NCC to weigh contract deal for adjuncts

Students walk through the campus of Nassau Community

Students walk through the campus of Nassau Community College in Garden City. (April 28, 2011) (Credit: Howard Schnapp)

Nassau Community College trustees have called a special meeting Monday to consider a contract settlement with the union representing the college's adjunct faculty.

Charles Loiacono, president of the Adjunct Faculty Association, said Saturday that the union would strike if trustees do not vote in favor of an agreement.

The special meeting is scheduled for noon on the 11th floor of the administrative tower on the Garden City campus, according to the notice posted as required by guidelines of the state's open meetings law.


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Leaders of the union, representing about 3,000 nontenured, part-time teachers, are asking the college to agree to an eight-year contract that would increase their pay by more than 5 percent yearly, said Dr. Jorge L. Gardyn, vice chairman of the NCC board of trustees.

The financial impact on the college would include $14.5 million in new spending for pay raises, but the cumulative costs of the proposal could be four or five times higher, Gardyn said.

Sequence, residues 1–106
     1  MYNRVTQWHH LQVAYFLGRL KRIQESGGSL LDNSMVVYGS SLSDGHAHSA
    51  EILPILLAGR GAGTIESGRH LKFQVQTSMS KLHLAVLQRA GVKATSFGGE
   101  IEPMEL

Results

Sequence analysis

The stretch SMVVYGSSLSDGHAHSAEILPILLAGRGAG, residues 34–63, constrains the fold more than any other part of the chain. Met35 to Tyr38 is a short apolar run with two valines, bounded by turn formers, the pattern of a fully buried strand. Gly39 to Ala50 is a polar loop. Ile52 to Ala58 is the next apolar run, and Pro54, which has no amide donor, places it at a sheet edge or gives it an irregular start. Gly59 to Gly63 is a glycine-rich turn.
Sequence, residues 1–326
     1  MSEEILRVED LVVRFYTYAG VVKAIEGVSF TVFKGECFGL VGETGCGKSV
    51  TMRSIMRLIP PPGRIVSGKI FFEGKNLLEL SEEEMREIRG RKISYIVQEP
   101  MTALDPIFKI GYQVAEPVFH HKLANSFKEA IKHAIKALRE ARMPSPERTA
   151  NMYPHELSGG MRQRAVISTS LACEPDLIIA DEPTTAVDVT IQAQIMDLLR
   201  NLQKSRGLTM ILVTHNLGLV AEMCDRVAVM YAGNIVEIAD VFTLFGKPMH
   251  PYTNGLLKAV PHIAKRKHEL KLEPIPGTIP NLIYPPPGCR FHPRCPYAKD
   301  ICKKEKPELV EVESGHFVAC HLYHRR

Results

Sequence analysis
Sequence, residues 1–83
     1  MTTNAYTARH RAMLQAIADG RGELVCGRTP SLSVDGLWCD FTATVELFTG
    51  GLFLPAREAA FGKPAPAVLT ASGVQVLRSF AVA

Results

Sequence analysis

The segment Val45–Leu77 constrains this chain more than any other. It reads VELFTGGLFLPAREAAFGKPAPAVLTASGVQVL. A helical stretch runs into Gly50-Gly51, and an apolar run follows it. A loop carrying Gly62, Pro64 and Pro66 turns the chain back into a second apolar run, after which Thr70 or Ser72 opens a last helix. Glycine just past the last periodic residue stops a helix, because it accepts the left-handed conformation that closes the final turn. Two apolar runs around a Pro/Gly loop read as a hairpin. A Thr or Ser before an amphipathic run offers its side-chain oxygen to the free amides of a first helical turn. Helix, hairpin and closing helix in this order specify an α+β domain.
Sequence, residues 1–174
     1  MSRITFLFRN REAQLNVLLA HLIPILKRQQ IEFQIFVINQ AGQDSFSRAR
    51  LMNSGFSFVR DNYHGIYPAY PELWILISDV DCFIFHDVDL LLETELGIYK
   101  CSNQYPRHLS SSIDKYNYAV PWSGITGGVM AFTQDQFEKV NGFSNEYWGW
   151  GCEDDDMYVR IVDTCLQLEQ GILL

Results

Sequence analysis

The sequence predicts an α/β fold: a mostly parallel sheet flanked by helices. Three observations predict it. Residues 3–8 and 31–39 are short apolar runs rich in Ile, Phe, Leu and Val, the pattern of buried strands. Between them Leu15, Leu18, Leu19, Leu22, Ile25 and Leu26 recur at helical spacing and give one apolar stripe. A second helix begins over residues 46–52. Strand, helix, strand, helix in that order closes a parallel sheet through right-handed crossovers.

Gardyn said the board would consider the financial impact and "what is in the best interest of the 24,000 students at the school," the largest single-campus community college in the state university system.

"It [the contract agreement] is being evaluated by the financial people at the college," he said.

The union's Loiacono said in an email statement to Newsday that absent a "successor agreement to ratify after the meeting, the strike will commence."

A strike would be illegal under the state's Taylor Law, which prohibits job actions by public employees. The union has been negotiating a contract with the college since 2010. Loiacono said adjunct faculty teach 55 percent of course offerings at the college.

About one-third of the adjunct faculty union's bargaining unit are full-time professors who teach extra courses.

The college has contingency plans in the event of a strike by adjunct faculty members, Gardyn said.

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